Companion planting offers another natural solution which can repel unwanted insects without eradicating the welcome ones. For example, marigolds emit a strong odour which is unpleasant to greenfly and blackfly, so it makes an excellent companion plant to tomatoes, beans and sweetcorn. Leeks and carrots do well next to one another as leeks repel the carrot fly and carrots repel the leek moth. Horseradish plants grown near to potatoes will increase their disease resistance and plants from the pea family (lupins, peas and beans) take nitrogen from the air and store in their roots so should be snipped off rather than dug up when spent as the roots will then decompose and release the stored nitrogen into the soil. Our favourite is that Basil grows well with tomatoes, and they are perfect companions on a plate too (perhaps with a little mozzarella) …
When it comes to spraying pests – organic is best. If you have to buy one then check the bottle but, before you head off shopping, do a bit of research first. A quick internet search and we found several recipes for home-made sprays that include garlic, elder, mint and even rhubarb leaf and will certainly be trying one or two before buying a proprietary spray again. Copper tape or bands will ward off slugs and snails, as will horticultural grit or crushed shells around the base of your pots and plants. There are many different, sustainable products to choose from and we all need to develop an inquisitive attitude towards them in order to find a way forward. The more we can move towards a natural, environmentally friendly approach the better we will appreciate what valuable jobs some of the wildlife that visits our gardens do. This will encourage us to establish an ecological balance tin our gardens and reduce the need for chemicals.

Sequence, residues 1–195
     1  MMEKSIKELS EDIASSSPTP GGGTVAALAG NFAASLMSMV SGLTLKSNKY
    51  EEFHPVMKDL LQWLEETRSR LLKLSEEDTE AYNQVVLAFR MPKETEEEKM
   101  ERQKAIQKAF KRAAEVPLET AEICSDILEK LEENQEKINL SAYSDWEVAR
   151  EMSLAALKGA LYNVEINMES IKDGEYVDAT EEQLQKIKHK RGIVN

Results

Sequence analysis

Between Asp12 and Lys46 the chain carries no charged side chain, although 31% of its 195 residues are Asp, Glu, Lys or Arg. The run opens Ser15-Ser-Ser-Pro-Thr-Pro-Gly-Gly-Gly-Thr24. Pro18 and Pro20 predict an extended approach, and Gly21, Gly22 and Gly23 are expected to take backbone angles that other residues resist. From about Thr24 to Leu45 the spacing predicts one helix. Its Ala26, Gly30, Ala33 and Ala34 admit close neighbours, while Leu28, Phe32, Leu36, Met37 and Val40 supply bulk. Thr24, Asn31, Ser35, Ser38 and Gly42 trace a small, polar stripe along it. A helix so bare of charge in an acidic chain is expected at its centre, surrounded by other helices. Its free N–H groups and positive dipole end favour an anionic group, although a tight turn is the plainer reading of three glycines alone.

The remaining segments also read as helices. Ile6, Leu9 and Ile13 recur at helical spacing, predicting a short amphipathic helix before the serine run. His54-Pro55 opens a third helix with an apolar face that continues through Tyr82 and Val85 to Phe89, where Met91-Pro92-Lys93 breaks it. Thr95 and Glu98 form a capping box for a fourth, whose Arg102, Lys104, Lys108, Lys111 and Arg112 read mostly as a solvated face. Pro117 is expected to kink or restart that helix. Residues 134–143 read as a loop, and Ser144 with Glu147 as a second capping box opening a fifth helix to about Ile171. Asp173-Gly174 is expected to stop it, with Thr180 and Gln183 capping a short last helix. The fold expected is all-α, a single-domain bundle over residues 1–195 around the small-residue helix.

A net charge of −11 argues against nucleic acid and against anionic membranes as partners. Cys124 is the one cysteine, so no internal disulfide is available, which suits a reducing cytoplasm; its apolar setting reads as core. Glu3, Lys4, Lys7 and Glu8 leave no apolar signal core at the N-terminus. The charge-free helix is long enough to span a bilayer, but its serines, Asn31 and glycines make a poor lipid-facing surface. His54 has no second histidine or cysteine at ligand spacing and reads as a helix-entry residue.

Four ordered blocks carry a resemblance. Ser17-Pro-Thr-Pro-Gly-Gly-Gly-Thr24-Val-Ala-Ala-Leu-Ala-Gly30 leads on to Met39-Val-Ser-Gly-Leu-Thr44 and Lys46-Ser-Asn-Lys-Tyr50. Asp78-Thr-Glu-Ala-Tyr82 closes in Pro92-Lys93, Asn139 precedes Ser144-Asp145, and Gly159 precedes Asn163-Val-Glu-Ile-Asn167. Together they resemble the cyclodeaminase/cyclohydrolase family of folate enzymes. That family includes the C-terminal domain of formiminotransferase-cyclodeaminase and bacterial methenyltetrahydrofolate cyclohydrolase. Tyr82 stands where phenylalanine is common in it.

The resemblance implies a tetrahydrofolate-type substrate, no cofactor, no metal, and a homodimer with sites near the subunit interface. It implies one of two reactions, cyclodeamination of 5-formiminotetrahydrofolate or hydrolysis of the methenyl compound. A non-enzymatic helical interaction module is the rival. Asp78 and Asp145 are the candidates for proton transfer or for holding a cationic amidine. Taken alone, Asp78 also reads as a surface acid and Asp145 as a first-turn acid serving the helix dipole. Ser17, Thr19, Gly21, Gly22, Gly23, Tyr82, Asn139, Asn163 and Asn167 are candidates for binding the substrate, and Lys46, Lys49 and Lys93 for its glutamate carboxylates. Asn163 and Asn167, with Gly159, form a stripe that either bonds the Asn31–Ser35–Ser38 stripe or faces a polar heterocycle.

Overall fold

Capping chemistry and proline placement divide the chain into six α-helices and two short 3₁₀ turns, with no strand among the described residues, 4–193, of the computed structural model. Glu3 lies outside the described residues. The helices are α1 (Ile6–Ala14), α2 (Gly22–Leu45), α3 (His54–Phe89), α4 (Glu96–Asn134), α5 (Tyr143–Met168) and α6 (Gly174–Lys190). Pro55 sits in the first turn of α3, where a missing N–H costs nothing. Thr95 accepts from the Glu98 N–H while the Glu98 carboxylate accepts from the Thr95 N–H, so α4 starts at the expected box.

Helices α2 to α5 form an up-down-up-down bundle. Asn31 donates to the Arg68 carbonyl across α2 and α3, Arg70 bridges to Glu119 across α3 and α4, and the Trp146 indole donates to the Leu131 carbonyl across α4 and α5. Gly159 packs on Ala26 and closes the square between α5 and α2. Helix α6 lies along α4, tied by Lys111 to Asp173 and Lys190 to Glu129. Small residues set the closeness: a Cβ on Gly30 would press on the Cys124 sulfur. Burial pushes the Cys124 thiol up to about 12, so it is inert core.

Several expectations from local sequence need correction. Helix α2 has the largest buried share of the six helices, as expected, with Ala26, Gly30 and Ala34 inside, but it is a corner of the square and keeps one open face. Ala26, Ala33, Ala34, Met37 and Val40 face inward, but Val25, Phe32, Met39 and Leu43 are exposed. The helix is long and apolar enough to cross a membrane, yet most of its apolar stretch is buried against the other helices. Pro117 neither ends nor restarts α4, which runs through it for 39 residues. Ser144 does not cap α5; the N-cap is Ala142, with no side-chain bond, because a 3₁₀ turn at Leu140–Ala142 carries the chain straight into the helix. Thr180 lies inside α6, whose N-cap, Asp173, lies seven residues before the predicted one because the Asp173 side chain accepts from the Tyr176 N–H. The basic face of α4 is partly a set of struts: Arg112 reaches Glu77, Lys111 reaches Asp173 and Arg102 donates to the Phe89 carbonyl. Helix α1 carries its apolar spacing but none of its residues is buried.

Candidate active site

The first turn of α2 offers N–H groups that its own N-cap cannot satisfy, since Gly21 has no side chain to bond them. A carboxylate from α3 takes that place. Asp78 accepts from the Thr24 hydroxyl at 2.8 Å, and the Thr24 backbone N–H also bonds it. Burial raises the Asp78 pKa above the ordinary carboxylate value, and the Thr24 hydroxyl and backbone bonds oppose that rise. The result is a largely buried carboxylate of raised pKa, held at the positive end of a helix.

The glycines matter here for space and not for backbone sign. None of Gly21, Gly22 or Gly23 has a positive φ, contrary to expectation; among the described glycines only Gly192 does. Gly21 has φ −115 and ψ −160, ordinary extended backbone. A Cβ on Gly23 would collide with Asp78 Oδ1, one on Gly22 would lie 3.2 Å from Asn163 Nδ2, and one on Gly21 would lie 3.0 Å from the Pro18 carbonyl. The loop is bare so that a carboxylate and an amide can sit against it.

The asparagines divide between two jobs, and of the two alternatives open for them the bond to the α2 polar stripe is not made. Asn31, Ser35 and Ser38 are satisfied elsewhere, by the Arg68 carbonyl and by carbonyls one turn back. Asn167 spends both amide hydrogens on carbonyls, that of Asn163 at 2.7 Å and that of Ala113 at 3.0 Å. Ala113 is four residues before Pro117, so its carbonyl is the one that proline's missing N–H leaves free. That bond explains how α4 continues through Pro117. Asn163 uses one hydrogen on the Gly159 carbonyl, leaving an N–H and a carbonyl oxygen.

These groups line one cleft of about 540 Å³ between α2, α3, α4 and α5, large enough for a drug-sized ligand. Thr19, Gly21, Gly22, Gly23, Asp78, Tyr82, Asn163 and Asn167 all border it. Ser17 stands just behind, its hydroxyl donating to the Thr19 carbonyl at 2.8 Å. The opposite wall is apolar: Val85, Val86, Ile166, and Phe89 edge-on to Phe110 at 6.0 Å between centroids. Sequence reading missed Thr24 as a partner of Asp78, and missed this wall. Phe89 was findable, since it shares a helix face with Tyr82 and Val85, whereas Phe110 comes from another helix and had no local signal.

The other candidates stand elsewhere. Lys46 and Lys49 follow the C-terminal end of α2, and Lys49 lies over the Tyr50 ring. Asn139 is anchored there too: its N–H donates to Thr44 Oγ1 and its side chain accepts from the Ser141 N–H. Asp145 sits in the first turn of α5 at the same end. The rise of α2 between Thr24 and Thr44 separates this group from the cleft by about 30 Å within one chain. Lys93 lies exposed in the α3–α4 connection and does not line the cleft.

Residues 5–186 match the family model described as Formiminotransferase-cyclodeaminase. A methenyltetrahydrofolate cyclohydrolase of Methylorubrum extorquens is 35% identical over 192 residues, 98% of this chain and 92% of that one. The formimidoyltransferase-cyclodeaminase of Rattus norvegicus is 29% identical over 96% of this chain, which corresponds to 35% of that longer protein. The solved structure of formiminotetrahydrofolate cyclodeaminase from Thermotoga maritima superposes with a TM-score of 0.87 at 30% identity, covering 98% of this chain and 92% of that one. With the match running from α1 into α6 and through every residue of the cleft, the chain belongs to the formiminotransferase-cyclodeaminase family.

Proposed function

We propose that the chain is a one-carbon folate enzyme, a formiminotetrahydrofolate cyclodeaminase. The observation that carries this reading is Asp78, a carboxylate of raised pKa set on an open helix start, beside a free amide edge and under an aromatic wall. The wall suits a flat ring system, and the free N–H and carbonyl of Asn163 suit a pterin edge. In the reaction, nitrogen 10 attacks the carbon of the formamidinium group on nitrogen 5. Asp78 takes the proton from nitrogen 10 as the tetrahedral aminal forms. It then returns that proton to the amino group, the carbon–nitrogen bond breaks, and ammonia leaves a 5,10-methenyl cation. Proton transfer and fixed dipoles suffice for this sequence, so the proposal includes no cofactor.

So, jet wash the greenfly off, leave a messy corner for the slug-eating hedgehogs and slow-worms to hide away and put up some nest boxes to encourage the birds who are always willing to help with caterpillar patrol.